In the meantime, we move to a slightly different type of landscape: very eroded mountains, and much less green. No moss, no lichen visible from the boat: no animals either. The Polar Station has disappeared at the horizon: even finding the peak below which it stands, we cannot see it. The ride to the other side of the bay took us 40 minutes, bumping into the waves on our small Bombard C5. After 20 minutes of measurements, we realise the site is not suitable, and move to a different location, on the original side of the bay (another 40 minutes, bumping into the waves, making sure we fall back into the boat and clinging tightly to the ropes ...). There, we can make the right kind of measurements. We also understand why no one had ever made this before: it's hard, it's cold, and we have to do several trials and use our field knowledge of underwater acoustics before getting it right ...   After many hours drifting in the cold wind and short waves, we have all the results we want and head home. Cold to the bones (it takes me until this evening to warm up, despite the many layers of clothes), but delighted with the results. Which we start analysing immediately after cleaning the equipment, untangling several hundred metres of cables and of course manhandling the boats back on shore (Aleksandra and her colleague are back too: but their boat is fortunately lighter, or maybe it's the fact we are now 5 people hauling it ...)


27 July 2014 - Ships passing in the night ...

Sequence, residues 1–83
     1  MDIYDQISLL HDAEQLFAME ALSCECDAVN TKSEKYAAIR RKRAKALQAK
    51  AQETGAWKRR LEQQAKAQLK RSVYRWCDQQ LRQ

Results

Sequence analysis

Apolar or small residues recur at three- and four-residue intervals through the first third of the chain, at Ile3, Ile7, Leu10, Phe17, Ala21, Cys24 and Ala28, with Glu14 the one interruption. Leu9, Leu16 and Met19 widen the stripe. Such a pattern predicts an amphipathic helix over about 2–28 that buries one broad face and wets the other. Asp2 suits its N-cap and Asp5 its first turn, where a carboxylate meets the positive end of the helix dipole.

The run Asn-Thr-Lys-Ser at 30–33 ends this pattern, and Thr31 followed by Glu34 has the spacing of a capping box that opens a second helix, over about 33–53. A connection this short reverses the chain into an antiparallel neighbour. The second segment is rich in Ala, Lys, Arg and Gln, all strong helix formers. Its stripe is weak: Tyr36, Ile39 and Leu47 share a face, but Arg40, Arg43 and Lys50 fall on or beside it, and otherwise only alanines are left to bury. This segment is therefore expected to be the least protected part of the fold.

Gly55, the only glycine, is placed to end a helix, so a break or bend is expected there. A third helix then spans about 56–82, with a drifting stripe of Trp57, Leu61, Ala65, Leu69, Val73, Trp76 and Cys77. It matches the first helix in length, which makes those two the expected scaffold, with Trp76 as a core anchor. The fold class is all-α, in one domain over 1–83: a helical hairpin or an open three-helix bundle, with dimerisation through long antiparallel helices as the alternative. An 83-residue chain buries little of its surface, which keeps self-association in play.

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📥  From the field

The small icebergs brought to the shore have fallen silent with the evening. The sun is currently hidden behind the 500-metre mountain just behind the base, and the beach is in shadows. What suddenly made these icebergs silent? Curious, of course, we came to investigate after some colleagues told us there was no noise ... (motivated by some aspects of our research, they had combed the beach looking for icebergs with the most bubbles to add to their end-of-work drinks ...) We take measurements in air and in water, and conclude it is a conjunction of the type of icebergs, the contrasts in temperature (or rather the absence: air and water are both close to 1 degree Celsius), and the very calm seas ... We also take some samples to measure in the laboratory ...

Traffic in the Bay of White Bears has increased tonight: there is a large cruise ship at anchor in the deepest part (around 200 m deep), and we can hear the noise of its engines over the several kilometres of water. Another ship (further left in the picture), much smaller, decided to moor very close to where we had deployed an acoustic-recording buoy ... What about the noise it will make, covering what we want to measure over the coming months?

They are Norwegian hydrographers, though, so we do not really begrudge them: they must be doing exciting work too. And we all "comrades-in-arms": we all want to understand more about the polar regions and their climate. Thinking a bit more about it, our first buoy has been there for several months already. The second buoy, 25 metres away, will not start recording until November. So a few hours of engine noise will not really affect our different measurements ...

Ships passing in the night? If only ... One of them has been above our buoy for more than 24 hours now ...

Ships passing in the night? If only ... One of them has been above our buoy for more than 24 hours now ...


26 July 2014 – No birds, please …

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📥  From the field

After the last days, we have plenty of field data to analyse and more experiments to run and test different theories. Is the noise coming from the bubbles? From the cracking? What influences how loud it is? Is it the temperature of the air? Of the water? Of the ice itself? Does it depend on how much salt there is in the water? And how does the noise from one iceberg combine with the noise of the others to give what we measure in the field?